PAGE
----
We are over the moon to be accredited as a London Living Wage employer

The Magpie Project has today been accredited as a Living Wage Employer. Our Living Wage commitment means everyone working at the Magpie Project will receive a minimum hourly wage of £9.30 in the UK or £10.75 in London. Both rates are significantly higher than the government minimum wage for over-25s, which currently stands at £8.72 per hour.

The Magpie Project is based in London, a region where nearly a fifth of all jobs (19%) pay less than the real Living Wage – around 785,000 jobs. Despite this, The Magpie Project has committed to paying the real Living Wage and delivering a fair day’s pay for a hard day’s work.

The real Living Wage is the only rate calculated according to the costs of living. It provides a voluntary benchmark for employers who wish to ensure their staff earn a wage they can live on, not just the government minimum. Since 2011, the Living Wage movement has delivered a pay rise to over 230,000 people and put over £1 billion extra into the pockets of low-paid workers.

Jane Williams, CEO, The Magpie Project said: “As a frontline charity tackling the effects of poverty in Newham, London, we were determined to become accredited as a London Living Wage Employer. We believe that as in-work poverty rises and so many in Newham are not paid enough to live on – paying a living wage is essential to supporting our community.”

Katherine Chapman, Director, Living Wage Foundation said: “We’re delighted that The Magpie Project has joined the movement of over 6000 responsible employers across the UK who voluntarily commit to go further than the government minimum to make sure all their staff earn enough to live on.”

“They join thousands of small businesses, as well as household names such as Burberry, Barclays, Chelsea and Everton Football Clubs, Lush, and many more. These businesses recognise that paying the real Living Wage is the mark of a responsible employer and they, like The Magpie Project, believe that a hard day’s work deserves a fair day’s pay.”

Media Contact

Jane.williams@themagpieproject.org

Notes to Editors

About the Living Wage

The real Living Wage is the only rate calculated according to what people need to make ends meet. It provides a voluntary benchmark for employers that choose to take a stand by ensuring their staff earn a wage that meets the costs and pressures they face in their everyday lives. 

The UK Living Wage is currently £9.30 per hour. There is a separate London Living Wage rate of £10.75 per hour to reflect the higher costs of transport, childcare and housing in the capital. These figures are calculated annually by the Resolution Foundation and overseen by the Living Wage Commission, based on the best available evidence on living standards in London and the UK.

The Living Wage Foundation is the organisation at the heart of the movement of businesses, organisations and individuals who campaign for the simple idea that a hard day’s work deserves a fair day’s pay. The Living Wage Foundation receives guidance and advice from the Living Wage Advisory Council. The Foundation is supported by our principal partners: Aviva; IKEA; Joseph Rowntree Foundation; KPMG; Linklaters; Nationwide; Nestle; Resolution Foundation; Oxfam; Trust for London; People’s Health Trust; and Queen Mary University of London.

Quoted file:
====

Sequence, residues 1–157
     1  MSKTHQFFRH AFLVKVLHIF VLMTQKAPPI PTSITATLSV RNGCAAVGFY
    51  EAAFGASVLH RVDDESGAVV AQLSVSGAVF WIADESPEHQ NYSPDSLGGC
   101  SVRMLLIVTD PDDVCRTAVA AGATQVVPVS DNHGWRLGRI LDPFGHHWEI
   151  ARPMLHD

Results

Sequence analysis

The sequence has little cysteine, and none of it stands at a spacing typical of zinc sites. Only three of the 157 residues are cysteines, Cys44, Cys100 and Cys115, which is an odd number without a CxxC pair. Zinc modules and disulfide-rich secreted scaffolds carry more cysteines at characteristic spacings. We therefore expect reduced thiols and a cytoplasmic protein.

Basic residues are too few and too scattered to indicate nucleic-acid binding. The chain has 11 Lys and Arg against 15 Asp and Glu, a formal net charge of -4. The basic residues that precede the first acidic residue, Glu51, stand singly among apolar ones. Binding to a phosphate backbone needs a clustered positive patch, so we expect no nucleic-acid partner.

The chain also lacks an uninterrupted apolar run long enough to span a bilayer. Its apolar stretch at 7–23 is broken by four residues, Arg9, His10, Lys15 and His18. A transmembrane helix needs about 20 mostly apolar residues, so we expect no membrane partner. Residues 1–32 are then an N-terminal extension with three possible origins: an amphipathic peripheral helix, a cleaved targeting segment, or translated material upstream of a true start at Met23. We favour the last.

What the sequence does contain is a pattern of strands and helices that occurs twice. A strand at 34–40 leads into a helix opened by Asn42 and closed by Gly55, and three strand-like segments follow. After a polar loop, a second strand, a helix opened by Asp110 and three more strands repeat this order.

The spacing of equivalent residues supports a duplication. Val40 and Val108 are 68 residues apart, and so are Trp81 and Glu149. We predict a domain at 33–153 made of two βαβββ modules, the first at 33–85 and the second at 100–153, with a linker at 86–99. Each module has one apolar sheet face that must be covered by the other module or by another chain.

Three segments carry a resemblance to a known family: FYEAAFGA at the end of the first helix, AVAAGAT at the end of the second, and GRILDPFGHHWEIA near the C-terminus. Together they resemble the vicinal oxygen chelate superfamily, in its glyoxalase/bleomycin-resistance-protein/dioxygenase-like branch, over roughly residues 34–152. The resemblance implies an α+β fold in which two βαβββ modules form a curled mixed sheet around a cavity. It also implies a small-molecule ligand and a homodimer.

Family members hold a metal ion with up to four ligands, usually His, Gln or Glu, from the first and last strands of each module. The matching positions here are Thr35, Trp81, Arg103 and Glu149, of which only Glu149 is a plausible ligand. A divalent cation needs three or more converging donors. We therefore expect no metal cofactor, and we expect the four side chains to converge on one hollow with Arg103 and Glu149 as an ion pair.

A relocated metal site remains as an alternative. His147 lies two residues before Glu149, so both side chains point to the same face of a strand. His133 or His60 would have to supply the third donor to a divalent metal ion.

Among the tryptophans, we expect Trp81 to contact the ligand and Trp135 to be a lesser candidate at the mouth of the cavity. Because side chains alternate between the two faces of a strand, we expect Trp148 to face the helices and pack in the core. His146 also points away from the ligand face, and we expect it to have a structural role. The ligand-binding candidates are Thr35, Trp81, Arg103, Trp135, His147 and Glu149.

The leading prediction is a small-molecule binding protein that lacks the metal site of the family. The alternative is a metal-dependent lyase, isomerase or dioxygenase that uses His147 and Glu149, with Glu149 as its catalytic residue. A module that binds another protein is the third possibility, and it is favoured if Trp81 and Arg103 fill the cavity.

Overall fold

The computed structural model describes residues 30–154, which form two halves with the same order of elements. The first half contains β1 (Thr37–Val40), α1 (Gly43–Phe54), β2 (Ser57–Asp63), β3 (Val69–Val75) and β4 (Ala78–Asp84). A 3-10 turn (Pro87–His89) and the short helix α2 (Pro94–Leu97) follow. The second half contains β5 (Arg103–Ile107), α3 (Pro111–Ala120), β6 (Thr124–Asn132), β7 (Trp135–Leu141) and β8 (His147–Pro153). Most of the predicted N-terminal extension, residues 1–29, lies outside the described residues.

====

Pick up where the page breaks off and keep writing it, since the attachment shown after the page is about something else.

What about the Government’s national living wage?

In July 2015 the Chancellor of the Exchequer announced that the UK Government would introduce a compulsory ‘national living wage’. This new government rate is a new minimum wage rate for staff over 25 years old. It was introduced in April 2016 and the rate is £8.21 per hour as of April 2019. The rate is different to the Living Wage rates calculated by the Living Wage Foundation.  The government rate is based on median earnings while the Living Wage Foundation rates are calculated according to the cost of living in London and the UK. 

COVID-19: how to help

We love you guys, and we hear “how can I help” so often, but every time we do it makes our hearts sing.

Here are five simple things you can do – from home, from abroad, in person, at a distance.

You choose it is all needed:

1. Donate items

We are co-ordinating our response with The Renewal Programme  Bonny Downs Community AssociationWest Silvertown Foundation and Alternatives Trust.

Emerging needs include:

  • Dried food,
  • Nappies
  • Formula
  • computer tablets
  • Data/wifi connections
  • Toys and books for children.

and we will deliver to our mums and minis who are in need and self-isolating.

  • EAST HAM HUB: The Well Community Centre, 49 Vicarage Lane, E6 6DQ on Tuesdays and Thursdays 10 am – 2 pm

  • FOREST GATE HUB: Forest Lane Lodge, E7 9DE on Mondays and Wednesdays 10 am – 2 pm

  • MANOR PARK HUB: 395 High Street North, E12 6PG on Tuesdays and Fridays 10 am – 2 pm

  • PLAISTOW HUB: Forrest House, E13 8AB, on Mondays, Wednesdays and Fridays from 10am – 3pm

  • WEST SILVERTOWN HUB: Britannia Village Hall, E16 1TU on Mondays and Thursdays 11am – 3pm

2. Donate time

We are  working up our virtual advocacy, peer support, playgroups and chats.

We are offering Zoom Parties and WhatApp hangouts to our mums and minis to try to keep spirits high during this difficult time.